I definitely took away some useful things from this paper. There was no spot where I had a eureka moment or found something brilliant. Rather, I found it wonderful how the paper was able to take what are easy to understand ideas and get them into an algorithm to follow. There have been many times on my projects that a component or process in the system has seemed so obvious that explicit analysis or documentation was not required. However, more often than not, these simple things will lead to complications down the road when new people work on the component and/or as the application grows in complexity.
Another obvious idea that benefits from explicit analysis breaking architecture down to components, containers, & connectors and also, later in the paper, partitioning, grouping, & visibility. All are very simple concepts everyone understands, but if you take a moment to sketch or analyze the system from those perspectives, as well as the 4+1, it can help bring obvious design flaws to light.
The paper mentioned that the logical architecture should be used to work with business stakeholders to analyze functional requirements. However, I feel that the diagrams presented here, where the fine-grain detail only goes down to the class level, may not be enough to help verify that all functionality has been implemented. The public API of each class should be listed, or each method should have a summary phrase. That would help the discussion with business stakeholders when you need to explain what each component/class is responsible for.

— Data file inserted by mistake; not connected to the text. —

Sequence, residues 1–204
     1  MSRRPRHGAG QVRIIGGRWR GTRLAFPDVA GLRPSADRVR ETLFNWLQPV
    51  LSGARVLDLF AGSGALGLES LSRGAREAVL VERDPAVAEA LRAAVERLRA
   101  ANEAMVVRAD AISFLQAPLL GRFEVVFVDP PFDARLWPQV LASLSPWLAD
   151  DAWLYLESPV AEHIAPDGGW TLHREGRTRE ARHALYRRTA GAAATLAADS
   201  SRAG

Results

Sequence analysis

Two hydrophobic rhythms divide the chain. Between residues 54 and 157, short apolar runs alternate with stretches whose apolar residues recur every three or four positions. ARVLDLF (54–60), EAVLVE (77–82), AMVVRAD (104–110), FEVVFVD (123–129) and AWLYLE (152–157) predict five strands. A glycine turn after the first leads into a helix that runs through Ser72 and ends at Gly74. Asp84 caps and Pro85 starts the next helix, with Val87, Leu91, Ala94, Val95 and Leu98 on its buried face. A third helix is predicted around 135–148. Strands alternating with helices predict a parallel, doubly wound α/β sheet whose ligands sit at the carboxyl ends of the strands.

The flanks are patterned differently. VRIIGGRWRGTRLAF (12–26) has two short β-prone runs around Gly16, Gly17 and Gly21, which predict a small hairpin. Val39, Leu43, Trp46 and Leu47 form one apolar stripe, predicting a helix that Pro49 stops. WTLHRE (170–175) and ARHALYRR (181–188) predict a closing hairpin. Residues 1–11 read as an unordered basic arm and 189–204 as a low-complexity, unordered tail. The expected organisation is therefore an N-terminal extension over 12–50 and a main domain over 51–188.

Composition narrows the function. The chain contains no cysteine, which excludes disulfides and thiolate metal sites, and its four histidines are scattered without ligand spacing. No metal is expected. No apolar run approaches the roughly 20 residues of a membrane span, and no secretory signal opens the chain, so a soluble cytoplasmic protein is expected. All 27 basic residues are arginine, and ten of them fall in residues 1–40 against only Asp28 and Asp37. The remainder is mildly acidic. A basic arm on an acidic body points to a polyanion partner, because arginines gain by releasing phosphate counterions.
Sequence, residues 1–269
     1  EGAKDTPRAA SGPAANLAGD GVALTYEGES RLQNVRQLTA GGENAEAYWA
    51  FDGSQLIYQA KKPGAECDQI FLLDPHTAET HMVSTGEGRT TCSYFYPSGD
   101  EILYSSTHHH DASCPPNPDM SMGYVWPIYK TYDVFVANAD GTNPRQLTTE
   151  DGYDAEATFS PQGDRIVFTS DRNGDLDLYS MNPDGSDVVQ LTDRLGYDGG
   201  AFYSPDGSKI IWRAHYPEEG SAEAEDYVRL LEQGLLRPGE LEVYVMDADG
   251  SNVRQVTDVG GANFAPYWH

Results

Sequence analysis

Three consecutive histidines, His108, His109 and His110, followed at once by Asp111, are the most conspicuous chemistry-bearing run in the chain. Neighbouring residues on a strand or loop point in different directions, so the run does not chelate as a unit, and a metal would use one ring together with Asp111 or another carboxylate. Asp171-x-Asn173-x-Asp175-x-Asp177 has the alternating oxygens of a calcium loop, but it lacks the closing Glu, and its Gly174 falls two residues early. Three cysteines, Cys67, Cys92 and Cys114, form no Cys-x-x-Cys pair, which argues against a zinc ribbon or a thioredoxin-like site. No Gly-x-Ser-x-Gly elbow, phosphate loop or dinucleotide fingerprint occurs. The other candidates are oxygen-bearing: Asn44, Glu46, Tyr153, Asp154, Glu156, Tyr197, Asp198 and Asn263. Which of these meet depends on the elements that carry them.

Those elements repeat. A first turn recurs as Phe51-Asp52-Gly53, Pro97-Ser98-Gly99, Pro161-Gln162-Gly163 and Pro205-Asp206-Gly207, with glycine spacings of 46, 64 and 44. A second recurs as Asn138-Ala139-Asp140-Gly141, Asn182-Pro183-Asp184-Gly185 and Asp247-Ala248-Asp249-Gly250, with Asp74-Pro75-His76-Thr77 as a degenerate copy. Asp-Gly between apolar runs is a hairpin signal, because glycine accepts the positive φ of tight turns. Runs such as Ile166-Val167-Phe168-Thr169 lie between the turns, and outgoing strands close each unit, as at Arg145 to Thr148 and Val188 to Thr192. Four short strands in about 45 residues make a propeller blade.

I liked the "+1" idea of walking through various use case-like scenarios to check the consistency & validity of the four other views. Another obvious yet great thing to explicitly do.
I will definitely be keeping this paper in mind on future projects, though, as the paper mentions, not all projects need all 4+1 views.